An info product is any product that can be digitally created, sold, and transferred to your customer. Information products have almost zero production, storage, or distribution costs. This gives info products a nearly 100% profit margin and an ability to scale that other product types can’t compete with.
Common examples of info products consist of computer software, apps, courses, e-books, dating sites, etc. We have a list of info-product examples later in this post.
Info Products Have No Production or Distribution Costs
I got my start selling white-label physical products through Amazon.com. While it doesn’t sound very complicated, there are a ton of costs from this business model.
First, you have to buy the product from the manufacturer, pay a freight forwarder to have it shipped to the US, pay import taxes at customs, the list goes on. With physical products, you get nickeled and dimed at every step of a long supply chain.
Selling digital products cuts out all of those costs. When a customer purchases, the end-product is transferred from your server to their computer at the speed of light. This makes it a fantastic business model for small players. They won’t need to negotiate the best rates with a dozen people in the supply chain.
Info Products Scale Very Easily
The scariest moment of my physical products business was the first big order of widgets that I made. I had to spend $20,000 to get 1,200 widgets from China to California with no guarantees that I’d make that money back.
It was a scary 5-week wait, but the products arrived, and they sold out instantly. Great news! Except I now had to wait another 5 weeks to restock the widgets so I could continue selling. During those 5 weeks, I lost thousands of customers and my high Amazon ranking.
With info products, you don’t have the same limitations on how many widgets you can sell. Stocking 100,000 copies of computer software is no different than stocking 1. This means you can go from a tiny business to a substantial business overnight.
Examples of Info Products
1) Computer Software
Computer software has some production and maintenance costs. Still, it’s one of the greatest things you can sell online. Particularly if you implement a monthly payment SaaS model.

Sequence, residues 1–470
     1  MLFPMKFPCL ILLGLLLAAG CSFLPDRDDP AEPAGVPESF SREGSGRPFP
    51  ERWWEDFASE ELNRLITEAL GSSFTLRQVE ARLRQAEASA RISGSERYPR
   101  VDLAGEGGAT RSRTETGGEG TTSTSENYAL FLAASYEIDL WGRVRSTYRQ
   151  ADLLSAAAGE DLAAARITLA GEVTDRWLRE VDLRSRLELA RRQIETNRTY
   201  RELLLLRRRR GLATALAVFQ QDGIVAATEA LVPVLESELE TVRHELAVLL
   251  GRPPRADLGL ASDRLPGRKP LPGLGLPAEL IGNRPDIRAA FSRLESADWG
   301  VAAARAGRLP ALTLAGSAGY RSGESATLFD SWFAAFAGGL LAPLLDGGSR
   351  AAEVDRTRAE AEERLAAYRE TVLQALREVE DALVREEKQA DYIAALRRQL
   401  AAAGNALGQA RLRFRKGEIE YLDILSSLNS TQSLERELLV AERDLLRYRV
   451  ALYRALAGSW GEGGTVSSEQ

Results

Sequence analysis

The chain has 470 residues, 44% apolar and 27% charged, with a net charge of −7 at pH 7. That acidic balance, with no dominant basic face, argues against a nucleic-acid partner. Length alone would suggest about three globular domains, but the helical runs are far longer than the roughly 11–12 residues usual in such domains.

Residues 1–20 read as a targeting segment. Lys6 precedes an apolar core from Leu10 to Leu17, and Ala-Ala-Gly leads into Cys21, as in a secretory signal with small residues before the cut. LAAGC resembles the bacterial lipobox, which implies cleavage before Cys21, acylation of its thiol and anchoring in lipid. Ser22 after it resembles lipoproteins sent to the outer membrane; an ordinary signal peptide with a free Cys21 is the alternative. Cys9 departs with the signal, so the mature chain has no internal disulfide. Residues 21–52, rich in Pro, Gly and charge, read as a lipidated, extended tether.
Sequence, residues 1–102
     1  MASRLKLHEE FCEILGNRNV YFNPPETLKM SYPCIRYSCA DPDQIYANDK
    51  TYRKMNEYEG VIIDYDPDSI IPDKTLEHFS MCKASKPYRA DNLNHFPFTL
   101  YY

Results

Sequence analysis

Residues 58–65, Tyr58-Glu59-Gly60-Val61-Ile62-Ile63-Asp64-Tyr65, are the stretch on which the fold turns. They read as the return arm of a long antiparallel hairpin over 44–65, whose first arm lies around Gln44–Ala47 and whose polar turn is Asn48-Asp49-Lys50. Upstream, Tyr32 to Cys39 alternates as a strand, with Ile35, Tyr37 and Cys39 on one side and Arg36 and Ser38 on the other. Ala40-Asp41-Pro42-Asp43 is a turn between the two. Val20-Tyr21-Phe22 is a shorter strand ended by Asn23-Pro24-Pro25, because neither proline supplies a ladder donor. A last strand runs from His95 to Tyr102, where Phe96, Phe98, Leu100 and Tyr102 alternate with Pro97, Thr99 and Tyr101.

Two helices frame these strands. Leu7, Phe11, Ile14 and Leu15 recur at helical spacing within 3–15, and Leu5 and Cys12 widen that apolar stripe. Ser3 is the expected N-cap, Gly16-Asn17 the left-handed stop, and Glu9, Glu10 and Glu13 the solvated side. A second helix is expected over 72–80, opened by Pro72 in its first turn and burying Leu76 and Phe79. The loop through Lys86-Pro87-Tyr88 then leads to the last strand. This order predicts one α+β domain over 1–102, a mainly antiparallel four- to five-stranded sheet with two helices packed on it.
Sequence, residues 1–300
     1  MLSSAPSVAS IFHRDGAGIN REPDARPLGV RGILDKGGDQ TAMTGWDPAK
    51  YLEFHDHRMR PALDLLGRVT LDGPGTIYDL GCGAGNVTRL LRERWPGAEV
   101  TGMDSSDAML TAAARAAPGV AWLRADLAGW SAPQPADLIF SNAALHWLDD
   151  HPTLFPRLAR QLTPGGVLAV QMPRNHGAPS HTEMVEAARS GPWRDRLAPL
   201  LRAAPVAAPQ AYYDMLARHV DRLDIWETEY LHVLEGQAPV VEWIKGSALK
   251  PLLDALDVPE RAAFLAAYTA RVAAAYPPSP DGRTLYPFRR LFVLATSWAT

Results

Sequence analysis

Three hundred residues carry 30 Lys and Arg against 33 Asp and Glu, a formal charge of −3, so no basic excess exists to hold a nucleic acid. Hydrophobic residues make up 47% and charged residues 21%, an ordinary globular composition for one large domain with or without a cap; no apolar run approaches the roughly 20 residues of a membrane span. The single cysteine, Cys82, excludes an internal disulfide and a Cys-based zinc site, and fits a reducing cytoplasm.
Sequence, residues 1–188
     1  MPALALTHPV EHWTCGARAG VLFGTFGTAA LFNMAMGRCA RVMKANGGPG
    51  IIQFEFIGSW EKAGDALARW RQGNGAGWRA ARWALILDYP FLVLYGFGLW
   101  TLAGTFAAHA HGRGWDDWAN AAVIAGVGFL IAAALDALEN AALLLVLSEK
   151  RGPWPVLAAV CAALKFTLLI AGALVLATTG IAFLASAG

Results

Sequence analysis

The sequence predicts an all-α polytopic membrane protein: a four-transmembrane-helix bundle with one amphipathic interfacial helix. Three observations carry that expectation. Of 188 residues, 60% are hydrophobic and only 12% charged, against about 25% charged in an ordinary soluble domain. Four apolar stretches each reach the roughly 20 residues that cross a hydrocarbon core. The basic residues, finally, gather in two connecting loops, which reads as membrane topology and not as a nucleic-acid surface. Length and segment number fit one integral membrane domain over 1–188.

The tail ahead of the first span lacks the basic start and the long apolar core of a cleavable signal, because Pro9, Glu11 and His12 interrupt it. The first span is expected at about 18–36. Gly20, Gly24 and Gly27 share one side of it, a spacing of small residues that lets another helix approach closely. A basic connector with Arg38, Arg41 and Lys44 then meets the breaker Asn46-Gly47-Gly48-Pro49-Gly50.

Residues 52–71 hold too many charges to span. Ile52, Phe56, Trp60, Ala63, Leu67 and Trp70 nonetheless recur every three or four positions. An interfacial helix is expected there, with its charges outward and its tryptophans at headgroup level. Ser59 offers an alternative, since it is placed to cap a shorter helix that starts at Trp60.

What’s a SaaS business? Some of my personal favorites include LastPass, Headspace, Zapier, Oberlo, and Trello. The graphic below contains tons of examples, but it’s nowhere close to an exhaustive list.
E-books were the go-to monetization method for blogs back in 2011. The logic was that you already had a ton of text just lying around, why not compile it into a book and then sell it to your audience?
3) Digital Courses
If you start selling digital courses, you can make an absurd amount of money. Here’s Sunny Lennarduzi’s explaining how she sold $100k worth of courses with a single YouTube video. That’s more than most people make in a year.
4) Membership Site (or Facebook Group Access)
If you can find a lot of like-minded people online, many of them are willing to pay a monthly fee to be a part of a community. Simply run a private forum or Facebook group and collect members. This can also be a part of your digital course.
5) Ads or Affiliate Deals
This is cheating a little bit in that you don’t own ads or affiliate deals. And I don’t recommend this as an info product because making your own will pay better.
That said, running ads and doing affiliate marketing are the two most popular methods for people to monetize their blogs (although creating your own product would be more profitable). And I do consider ads and affiliate info products because there are no distribution costs, and you can scale infinitely.
Most people will think of selling music on Spotify, iTunes/Apple Music, Tidal, Google Play, Amazon Music, TikTok, Tencent & more. You can sell on all of those platforms.
The advantage of selling music on your website is that these middlemen don’t take a considerable cut or limit your prices. They also don’t block you from getting your customer’s email address.
There’s so much data out there that I’d be willing to pay for if somebody would just collect it.
- As a blogger, I’ve purchased a subscription to a hrefs to check keyword volume before.
- As an Amazon seller, I bought a subscription to JungleScout to check the sales volume of Amazon products.
- We all got hooked to Snapchat, Instagram, Facebook, and who knows what else because we wanted to know what our friends looked like at the beach.
You can make a lot of money selling data that is currently hard for people to obtain. And you don’t need to build a sophisticated website either. If you have difficulty getting data compiled in a spreadsheet, I’m convinced that people would buy that data from you.
I hope you’ve learned what an info product is and how to create one for yourself. Check out my guide on creating your own product for even more product ideas you can use to monetize your blog or YouTube channel.
Thanks for reading! Have any questions about information products? Let me know in the comments!